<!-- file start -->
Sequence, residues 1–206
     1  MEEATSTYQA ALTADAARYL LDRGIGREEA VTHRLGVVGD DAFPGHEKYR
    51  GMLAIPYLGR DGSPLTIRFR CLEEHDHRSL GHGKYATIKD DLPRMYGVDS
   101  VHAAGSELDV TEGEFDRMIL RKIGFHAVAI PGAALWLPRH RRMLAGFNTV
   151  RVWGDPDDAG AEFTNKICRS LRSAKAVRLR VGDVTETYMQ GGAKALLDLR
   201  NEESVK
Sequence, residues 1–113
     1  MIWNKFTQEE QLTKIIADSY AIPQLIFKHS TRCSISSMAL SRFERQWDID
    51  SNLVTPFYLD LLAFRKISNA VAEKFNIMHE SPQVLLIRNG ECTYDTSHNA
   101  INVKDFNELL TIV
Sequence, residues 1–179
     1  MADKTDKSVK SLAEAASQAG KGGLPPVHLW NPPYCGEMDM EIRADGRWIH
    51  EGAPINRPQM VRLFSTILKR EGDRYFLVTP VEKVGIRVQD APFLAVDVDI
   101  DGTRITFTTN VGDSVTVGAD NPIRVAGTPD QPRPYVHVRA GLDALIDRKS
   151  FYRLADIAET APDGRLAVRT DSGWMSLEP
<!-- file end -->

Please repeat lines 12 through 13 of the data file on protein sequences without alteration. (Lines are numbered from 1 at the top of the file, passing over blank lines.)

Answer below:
     1  MADKTDKSVK SLAEAASQAG KGGLPPVHLW NPPYCGEMDM EIRADGRWIH
    51  EGAPINRPQM VRLFSTILKR EGDRYFLVTP VEKVGIRVQD APFLAVDVDI